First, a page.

Beta-carotene has two important functions in the body: It functions as an antioxidant, protecting cells against damage, and it can be converted to Vitamin A (retinol), critical to maintaining skin and eye health.
Without beta-carotene, our bodies are unable to manufacture Vitamin A. And without sufficient Vitamin A, nearly all of our systems are at risk, including lungs, kidneys and immune function. Research shows that people who consume the necessary levels of beta-carotene are able to lower their risk for coronary artery disease, stroke, macular degeneration, and other age-related diseases.
You can get beta-carotene from a variety of foods:
The National Institutes of Health recommends a daily intake of 3,000 IU for adult men and 2,310 IU for adult women. For children, amounts vary according to age. While beta-carotene deficiency is rare in most industrialized countries, it can be difficult getting the recommended levels simply from food. That’s where supplements come in. In consult with your healthcare practitioner, design a plan that meets your individual needs. You may want to consider a supplement with a mixture of carotenoids, including beta-carotene, alpha-carotene, lycopene, astaxanthin, lutein and zeaxanthin.
It’s possible to take too much beta-carotene. This is usually indicated by a yellowing of the skin, palms or soles and is known as carotenemia. Once consumption of beta-carotene is reduced, this yellowing fades over time. As always, your best outcomes are achieved when working closely with your healthcare practitioner.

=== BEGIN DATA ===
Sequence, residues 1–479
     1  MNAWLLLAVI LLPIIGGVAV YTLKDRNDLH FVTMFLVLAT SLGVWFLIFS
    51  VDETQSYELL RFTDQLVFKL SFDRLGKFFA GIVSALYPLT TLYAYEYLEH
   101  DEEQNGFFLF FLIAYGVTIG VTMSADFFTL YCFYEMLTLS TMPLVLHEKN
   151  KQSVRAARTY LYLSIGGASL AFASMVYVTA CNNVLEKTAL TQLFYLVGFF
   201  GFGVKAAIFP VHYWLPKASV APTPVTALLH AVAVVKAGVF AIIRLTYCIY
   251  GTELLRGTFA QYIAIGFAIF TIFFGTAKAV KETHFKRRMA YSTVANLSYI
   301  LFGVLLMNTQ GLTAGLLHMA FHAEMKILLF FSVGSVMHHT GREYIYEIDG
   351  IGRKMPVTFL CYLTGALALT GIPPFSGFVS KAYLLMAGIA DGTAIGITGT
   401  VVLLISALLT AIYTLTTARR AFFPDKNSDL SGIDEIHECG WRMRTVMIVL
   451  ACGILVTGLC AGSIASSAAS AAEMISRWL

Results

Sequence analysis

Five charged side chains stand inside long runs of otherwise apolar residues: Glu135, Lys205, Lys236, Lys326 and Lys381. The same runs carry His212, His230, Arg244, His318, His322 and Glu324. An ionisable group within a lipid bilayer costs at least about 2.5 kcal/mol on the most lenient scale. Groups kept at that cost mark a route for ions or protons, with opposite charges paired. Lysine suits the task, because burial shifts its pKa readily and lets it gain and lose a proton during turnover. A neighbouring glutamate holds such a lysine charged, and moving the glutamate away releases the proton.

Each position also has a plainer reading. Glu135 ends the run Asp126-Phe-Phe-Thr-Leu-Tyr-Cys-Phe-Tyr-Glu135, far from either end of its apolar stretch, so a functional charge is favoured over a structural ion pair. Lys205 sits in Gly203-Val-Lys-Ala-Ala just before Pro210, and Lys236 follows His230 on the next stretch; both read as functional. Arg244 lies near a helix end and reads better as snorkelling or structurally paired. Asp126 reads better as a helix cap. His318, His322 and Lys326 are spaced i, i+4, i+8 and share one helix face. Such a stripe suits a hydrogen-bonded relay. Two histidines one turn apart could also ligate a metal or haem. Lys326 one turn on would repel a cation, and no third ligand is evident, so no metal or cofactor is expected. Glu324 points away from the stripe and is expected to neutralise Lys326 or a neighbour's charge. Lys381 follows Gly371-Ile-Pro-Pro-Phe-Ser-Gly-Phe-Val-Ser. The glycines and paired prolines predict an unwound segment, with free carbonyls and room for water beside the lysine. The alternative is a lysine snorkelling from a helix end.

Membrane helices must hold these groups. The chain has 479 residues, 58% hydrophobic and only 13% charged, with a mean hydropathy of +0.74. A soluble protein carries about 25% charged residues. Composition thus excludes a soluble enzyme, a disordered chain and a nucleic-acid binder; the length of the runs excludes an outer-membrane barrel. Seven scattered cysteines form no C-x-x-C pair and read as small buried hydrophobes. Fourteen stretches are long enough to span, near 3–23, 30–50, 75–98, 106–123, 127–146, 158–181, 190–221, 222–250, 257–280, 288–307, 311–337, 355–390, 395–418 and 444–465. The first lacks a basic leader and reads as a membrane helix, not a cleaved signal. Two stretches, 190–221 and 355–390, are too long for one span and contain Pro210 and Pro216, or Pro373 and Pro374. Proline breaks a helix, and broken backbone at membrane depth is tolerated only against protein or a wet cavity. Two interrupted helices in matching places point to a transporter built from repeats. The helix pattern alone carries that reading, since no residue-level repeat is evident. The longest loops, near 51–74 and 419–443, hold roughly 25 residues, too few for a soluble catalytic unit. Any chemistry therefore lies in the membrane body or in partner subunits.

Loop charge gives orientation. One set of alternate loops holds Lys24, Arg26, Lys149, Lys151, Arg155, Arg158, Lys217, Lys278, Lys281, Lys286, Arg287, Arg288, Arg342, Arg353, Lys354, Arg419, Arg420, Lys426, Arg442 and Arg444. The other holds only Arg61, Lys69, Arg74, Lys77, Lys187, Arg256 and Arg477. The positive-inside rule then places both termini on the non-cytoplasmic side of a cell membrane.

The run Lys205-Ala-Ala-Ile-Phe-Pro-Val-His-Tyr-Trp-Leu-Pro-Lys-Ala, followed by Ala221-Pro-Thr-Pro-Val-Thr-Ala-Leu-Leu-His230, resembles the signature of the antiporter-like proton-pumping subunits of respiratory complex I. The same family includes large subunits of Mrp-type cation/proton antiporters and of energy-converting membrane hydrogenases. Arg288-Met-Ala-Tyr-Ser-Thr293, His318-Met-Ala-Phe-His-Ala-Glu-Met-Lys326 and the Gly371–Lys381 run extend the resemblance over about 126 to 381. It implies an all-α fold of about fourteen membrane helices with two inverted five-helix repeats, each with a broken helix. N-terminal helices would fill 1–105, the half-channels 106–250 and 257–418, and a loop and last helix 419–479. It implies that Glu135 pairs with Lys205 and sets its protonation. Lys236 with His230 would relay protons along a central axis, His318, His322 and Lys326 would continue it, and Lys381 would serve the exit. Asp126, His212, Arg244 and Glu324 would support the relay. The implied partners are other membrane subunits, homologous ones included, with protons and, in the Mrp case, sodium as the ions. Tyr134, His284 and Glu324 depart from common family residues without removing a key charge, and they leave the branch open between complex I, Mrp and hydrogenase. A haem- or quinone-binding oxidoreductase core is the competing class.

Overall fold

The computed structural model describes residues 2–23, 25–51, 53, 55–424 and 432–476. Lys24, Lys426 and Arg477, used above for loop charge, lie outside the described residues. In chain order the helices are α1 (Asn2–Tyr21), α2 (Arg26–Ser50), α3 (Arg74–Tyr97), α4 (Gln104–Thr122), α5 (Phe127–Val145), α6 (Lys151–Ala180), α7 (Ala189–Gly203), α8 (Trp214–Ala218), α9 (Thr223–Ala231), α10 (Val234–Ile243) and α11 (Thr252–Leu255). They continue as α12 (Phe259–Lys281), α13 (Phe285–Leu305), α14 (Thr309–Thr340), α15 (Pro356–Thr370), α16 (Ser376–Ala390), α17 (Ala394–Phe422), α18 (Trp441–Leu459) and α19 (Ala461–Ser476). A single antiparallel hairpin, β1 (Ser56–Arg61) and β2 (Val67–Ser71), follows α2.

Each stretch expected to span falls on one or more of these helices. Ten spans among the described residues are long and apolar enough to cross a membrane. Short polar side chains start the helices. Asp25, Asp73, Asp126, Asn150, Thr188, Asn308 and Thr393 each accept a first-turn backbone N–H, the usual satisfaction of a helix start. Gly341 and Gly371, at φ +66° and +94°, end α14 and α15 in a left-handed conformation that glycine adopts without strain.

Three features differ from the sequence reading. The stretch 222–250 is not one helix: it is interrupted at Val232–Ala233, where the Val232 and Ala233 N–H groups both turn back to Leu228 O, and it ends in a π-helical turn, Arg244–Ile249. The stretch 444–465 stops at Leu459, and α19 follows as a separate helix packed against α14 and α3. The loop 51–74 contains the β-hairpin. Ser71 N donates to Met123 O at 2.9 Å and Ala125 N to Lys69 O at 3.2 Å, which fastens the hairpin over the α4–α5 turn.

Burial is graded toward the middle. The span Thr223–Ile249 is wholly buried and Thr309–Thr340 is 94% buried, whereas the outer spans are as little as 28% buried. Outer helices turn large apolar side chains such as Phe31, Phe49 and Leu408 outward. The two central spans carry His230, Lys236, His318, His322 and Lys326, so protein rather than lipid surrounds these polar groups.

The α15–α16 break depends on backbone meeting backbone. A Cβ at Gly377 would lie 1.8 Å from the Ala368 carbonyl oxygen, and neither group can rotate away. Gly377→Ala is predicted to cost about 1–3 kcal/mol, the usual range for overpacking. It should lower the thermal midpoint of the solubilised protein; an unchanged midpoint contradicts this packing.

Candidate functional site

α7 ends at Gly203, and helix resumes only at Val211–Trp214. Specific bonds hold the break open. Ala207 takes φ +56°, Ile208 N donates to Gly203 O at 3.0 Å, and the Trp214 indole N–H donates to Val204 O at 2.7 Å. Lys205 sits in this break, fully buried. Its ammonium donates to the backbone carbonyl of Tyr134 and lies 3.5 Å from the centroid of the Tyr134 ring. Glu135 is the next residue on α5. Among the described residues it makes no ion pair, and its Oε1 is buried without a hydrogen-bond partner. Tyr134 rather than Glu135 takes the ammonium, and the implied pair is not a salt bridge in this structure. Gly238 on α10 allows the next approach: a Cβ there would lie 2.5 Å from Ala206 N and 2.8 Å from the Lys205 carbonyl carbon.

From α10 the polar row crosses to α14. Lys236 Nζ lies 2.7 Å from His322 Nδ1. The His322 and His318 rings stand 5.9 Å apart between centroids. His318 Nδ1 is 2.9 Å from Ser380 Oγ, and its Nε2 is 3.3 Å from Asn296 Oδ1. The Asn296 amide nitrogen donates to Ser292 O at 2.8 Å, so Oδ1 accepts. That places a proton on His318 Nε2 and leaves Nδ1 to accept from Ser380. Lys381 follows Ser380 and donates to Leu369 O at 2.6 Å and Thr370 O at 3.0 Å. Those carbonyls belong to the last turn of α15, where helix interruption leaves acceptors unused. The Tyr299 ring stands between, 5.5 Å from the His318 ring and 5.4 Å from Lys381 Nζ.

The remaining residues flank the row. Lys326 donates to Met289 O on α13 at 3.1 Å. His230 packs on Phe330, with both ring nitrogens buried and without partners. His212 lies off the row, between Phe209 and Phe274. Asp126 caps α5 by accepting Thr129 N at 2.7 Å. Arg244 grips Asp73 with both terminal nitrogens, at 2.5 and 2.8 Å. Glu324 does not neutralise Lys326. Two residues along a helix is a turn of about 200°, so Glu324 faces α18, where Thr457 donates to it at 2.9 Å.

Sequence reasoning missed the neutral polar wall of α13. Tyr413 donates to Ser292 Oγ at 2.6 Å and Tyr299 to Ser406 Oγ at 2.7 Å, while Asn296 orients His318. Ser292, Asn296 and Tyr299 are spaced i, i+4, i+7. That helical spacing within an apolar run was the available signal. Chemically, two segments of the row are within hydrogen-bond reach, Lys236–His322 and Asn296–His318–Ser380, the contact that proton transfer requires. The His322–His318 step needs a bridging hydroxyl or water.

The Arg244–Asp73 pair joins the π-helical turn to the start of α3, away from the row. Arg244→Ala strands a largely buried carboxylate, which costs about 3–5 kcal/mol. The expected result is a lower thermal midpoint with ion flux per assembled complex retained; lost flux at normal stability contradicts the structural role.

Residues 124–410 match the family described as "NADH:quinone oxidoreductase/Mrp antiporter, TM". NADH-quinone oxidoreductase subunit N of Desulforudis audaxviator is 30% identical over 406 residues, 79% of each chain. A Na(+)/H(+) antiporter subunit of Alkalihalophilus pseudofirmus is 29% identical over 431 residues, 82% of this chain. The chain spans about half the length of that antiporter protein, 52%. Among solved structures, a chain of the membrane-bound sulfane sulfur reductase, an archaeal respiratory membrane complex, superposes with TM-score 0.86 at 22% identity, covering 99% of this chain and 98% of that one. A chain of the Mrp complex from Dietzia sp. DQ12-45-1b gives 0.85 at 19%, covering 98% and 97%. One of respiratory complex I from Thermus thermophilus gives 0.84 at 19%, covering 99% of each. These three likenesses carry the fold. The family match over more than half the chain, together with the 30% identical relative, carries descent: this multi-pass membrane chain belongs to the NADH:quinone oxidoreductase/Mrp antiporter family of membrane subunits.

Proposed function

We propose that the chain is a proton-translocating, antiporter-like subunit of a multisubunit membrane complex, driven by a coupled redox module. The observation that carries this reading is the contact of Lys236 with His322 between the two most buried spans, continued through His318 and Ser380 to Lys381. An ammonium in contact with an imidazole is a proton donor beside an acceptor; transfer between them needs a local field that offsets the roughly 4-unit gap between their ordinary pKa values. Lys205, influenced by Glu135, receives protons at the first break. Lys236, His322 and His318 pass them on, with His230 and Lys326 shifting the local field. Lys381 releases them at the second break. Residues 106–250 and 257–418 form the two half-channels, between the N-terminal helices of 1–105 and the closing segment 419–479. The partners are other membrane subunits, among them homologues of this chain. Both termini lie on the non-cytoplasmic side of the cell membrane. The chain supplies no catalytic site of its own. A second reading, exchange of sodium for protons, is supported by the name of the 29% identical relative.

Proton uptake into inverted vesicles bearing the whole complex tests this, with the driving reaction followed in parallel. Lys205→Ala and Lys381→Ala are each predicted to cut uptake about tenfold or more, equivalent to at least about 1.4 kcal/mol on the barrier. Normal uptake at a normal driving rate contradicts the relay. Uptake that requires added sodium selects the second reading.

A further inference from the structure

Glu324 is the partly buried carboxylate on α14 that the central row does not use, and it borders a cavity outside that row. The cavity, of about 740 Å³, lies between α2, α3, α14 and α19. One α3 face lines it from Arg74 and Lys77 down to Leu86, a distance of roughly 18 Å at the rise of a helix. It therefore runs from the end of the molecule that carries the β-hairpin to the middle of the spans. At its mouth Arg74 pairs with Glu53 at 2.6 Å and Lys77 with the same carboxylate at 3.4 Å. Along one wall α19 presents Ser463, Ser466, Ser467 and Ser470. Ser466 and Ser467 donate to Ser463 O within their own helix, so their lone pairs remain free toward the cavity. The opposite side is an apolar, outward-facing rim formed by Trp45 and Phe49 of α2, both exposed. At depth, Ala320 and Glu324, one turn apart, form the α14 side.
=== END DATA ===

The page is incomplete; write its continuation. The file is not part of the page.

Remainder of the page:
What’s your favorite way to get beta-carotene? Share in the comments below!
MedicalNewsToday.com “What is Beta Carotene?” Accessed on March 30, 2016. http://www.medicalnewstoday.com/articles/252758.php
National Institutes of Health. Vitamin A. Medical handout for health professionals. https://ods.od.nih.gov/factsheets/VitaminA-HealthProfessional/
MedlinePlus.com. “Beta Carotene”. Accessed on March 30, 2016. https://www.nlm.nih.gov/medlineplus/druginfo/natural/999.html
Institute of Medicine, Food and Nutrition Board. Beta-carotene and other carotenoids. Dietary reference intakes for vitamin C, vitamin E, selenium, and carotenoids. Washington, D.C.: National Academy Press; 2000:325-400. Accessed on March 30, 2016 http://www.nap.edu/read/9810/chapter/1
Bendich, A. “Functions and Actions of Retinoids and Carotenoids: Building on the Vision of James Allen Olson.” Jnl of Nutrition. (2004) American Society for Nutritional Sciences. Accessed on March 30, 2016. http://jn.nutrition.org/content/134/1/225S.full.pdf
van Poppel G, Spanhaak S, Ockhuizen T. Effect of beta-carotene on immunological indexes in healthy male smokers. Am J Clin Nutr. 1993; 57(3):402-407. Accessed on March 30, 2016 http://ajcn.nutrition.org/content/57/3/402?related-urls=yes&legid=ajcn;57/3/402